2004 BMW Rockster vs. Moto Guzzi Ballabio

MotorcycleUSA Staff | October 24, 2003
2004 BMW Rockster vs. Moto Guzzi Ballabio
These two air-cooled Twins make similar horsepower and torque at their peaks, but the Rockster has a power advantage until 6500 rpm.

One area in which BMW separated itself from the Guzzi is in the transmission. While both machines recently received updated six-speed gearboxes, the Rockster’s performed flawlessly. The Ballabio’s transmission, while light of throws and a huge improvement over what was offered a couple of years ago, served up a few false neutrals between second and third, and later, between third and fourth.

The Rockster outclassed the Ballabio further with superior suspension and handling capabilities. The combination of the nonadjustable Telelever front suspension and rear monoshock (preload and rebound damping adjustable) provide a stable base for ripping through curvaceous canyons at high speeds. Its front-end stability is most welcome when pushed hard. Furthermore, the Telelever is excellent at combating front-end dive when grabbing a fistfull of brakes, even if front-end feedback is a bit diluted compared to a well-set-up telescopic fork.

BMW’s rear suspension offers quick adjustment rebound damping and a remote preload adjuster, both of which we would recommend increasing if you plan on hitting sinuous roads. One of our few complaints regarding the Rockster suspension’s are the sway of the rear end from the shaft drive when the bike is pushed hard and the harshness of the rear end over sharp-edged bumps. But, for the casual rider, its suspension performs admirably.

The Guzzi, with its fully adjustable Sachs Boge monoshock and Marzocchi inverted fork does an excellent job of smoothing out road undulations. But the Ballabio’s ride and suspension is much more firm and harsh than the cushy Rockster, and it doesn’t quite match the BMW in terms of refinement. And in high-performance situations, the front end of the Guzzi exhibited a nervousness that left us uneasy about how close we’ve come to the finding its limitations, even with the stock steering damper cranked down. Its 25-degree rake with 103mm of trail is much more radical steering geometry than the Rockster’s generous 27-degree rake and 127mm of trail.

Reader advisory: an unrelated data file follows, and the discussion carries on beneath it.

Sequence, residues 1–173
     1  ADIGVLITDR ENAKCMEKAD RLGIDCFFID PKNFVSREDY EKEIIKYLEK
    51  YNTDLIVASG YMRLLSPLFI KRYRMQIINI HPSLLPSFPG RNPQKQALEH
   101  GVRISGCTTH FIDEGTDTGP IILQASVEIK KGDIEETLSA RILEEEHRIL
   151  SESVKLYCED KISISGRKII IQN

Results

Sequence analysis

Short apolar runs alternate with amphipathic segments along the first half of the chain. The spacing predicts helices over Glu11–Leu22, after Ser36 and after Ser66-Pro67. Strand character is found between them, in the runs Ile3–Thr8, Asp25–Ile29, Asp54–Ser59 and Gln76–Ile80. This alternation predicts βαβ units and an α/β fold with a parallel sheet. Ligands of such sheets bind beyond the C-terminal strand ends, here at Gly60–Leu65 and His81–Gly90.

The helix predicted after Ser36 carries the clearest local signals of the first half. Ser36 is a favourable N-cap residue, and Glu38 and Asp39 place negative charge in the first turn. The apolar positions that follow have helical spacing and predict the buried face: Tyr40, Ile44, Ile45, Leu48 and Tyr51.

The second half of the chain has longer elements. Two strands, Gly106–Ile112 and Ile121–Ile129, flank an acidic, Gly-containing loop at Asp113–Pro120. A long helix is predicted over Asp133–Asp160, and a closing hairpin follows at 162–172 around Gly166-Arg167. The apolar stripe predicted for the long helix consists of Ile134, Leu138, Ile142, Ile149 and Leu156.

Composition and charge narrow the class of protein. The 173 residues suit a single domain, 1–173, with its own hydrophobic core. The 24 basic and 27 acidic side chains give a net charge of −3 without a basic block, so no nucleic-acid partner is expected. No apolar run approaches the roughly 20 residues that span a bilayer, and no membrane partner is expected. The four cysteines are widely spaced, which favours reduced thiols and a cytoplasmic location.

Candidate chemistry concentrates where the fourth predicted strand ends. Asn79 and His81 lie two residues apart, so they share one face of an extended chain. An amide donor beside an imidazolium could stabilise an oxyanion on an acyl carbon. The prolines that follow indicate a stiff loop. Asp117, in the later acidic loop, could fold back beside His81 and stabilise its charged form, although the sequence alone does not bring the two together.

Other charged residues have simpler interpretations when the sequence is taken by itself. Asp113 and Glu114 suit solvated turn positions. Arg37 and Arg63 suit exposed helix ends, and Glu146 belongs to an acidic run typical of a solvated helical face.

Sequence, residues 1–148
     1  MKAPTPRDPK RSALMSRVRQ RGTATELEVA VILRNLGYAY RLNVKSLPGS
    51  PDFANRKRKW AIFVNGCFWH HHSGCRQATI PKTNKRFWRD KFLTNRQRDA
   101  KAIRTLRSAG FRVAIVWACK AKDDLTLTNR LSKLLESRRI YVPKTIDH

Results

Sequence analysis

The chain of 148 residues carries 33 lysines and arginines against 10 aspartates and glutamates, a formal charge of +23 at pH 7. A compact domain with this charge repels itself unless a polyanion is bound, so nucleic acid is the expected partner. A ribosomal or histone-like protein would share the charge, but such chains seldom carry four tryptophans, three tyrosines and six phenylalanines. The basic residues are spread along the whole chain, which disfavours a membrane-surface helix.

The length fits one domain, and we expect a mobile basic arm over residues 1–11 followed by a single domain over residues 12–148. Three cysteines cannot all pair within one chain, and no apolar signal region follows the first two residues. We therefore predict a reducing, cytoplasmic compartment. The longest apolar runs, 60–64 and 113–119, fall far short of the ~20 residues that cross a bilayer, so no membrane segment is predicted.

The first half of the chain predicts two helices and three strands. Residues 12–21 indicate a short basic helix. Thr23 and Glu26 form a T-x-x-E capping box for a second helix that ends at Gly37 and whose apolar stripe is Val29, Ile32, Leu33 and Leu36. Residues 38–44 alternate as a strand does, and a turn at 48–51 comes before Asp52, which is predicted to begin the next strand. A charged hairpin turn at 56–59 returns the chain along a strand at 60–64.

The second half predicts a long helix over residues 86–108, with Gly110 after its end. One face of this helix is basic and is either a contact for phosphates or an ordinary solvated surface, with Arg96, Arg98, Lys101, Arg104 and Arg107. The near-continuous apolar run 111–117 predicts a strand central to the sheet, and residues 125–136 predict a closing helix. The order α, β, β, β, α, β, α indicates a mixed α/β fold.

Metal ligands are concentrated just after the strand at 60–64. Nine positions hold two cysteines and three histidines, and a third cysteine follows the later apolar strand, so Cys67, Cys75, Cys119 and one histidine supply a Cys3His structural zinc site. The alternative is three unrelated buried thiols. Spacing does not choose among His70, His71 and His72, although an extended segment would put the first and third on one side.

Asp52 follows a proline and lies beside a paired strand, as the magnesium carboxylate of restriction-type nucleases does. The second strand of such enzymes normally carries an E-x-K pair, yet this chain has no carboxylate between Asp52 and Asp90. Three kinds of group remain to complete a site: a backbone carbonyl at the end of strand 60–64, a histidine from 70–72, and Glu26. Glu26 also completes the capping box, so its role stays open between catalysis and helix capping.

2004 BMW Rockster vs. Moto Guzzi Ballabio
Neither bike pretends to be a sportbike, but that doesn’t mean you can’t carve sinuous roads and emerge with a smile.

Another area where these two exotic Twins differ is in the braking systems. The Ballabio boasts a set of Brembo Gold series 4-piston calipers with 320mm stainless-steel floating discs in the front and a single stainless steel 282mm fixed disc with a twin-piston caliper in the rear. The Guzzi’s stopping power is outstanding, providing excellent feel in both the front and rear. We did notice the brake lever coming back to the bar when riding hard over long periods of time in the canyons, but a simple adjustment on the hydraulically actuated lever bought back more lever travel.

BMW is one of the few motorcycle manufacturers that offer anti-lock brakes as an option on all its models. For many, ABS, which boosts the Rockster’s MSRP from $10,790 to $12,990, is a welcome alternative in an industry that has been slow to adopt this safety feature. 

MotorcycleUSA Staff